Launched during the Clinton administration, the Cuba Democracy Assistance program was expanded under President George W. Bush and Congress in 2008 approved $40 million for the two-year period that ends Sept. 30.

It should come as no surprise that the first (and only) spending program cut so far is support for anti-communist anti-Castro pro-democracy groups by distributing books, shortwave radios, computers, satellite TV receivers and cellphones to dissidents, independent journalists and other peaceful civil society groups.

This is not some crazy wingnut program - - it is a non-violent non-military small scale operation started by Bill Clinton, based on the assumptions that the free flow of information is a basic human right and that America will win any free and fair intellectual debate.

This would appeal to a "community organizer", unless he was blinded by pro Castro bias.

Tuesday, January 26, 2010

4 more Guantanamo detainees released

The United States sent four Guantánamo detainees to European countries for resettlement over the weekend -- three to Slovakia and another to an undisclosed nation, U.S. officials said Monday.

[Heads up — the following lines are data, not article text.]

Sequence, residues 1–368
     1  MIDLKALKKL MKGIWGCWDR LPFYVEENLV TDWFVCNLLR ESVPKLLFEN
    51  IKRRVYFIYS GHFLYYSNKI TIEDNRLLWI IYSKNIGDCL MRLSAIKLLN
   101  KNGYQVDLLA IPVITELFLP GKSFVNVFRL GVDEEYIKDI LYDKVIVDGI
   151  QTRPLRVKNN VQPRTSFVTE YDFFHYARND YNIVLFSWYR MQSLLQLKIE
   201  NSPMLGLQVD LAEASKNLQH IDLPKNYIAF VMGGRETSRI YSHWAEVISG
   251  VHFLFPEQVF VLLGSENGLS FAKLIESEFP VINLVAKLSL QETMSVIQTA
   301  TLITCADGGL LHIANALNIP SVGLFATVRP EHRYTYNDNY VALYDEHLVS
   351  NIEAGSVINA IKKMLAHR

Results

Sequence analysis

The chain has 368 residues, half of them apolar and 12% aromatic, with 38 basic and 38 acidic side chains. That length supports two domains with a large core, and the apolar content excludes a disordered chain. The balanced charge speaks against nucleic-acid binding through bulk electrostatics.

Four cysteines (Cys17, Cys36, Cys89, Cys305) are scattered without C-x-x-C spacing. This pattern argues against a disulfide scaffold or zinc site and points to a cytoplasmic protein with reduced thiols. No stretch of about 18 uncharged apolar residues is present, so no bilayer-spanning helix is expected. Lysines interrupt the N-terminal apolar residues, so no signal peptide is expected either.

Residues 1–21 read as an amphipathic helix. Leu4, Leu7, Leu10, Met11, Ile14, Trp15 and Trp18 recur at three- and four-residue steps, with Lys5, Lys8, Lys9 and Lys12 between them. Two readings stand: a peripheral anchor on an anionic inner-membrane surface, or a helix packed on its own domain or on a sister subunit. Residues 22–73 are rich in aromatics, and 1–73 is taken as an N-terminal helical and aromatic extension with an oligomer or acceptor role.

The secret transfers, amid a hustle of air activity surrounding Haitian relief operations, left the prison camp census at 192 foreign captives.

It was also the second set of releases since the White House put an indefinite hold on the repatriation of Yemenis following a botched Christmas Day bombing of a Detroit-bound airliner.

While no one's looking, they've started releasing Guantanamo detainees again.

If one of these releasees is caught committing a terrorist act, it's the end of Democratic hopes in November, 2010.

More welfare

Parents, students and workers would benefit modestly from a series of initiatives President Obama outlined Monday for the middle class as he prepared for his State of the Union address on Wednesday.

Seeking to point out some of the goodies in an otherwise austere budget, Obama and Vice President Biden said they will ask Congress to increase child care tax credits, cap student loan payments and help workers enroll in 401(k) savings plans.

. . . The middle-class package is meant to help people with higher incomes than in the past. The full child care tax credit, for instance, would benefit parents earning up to $115,000.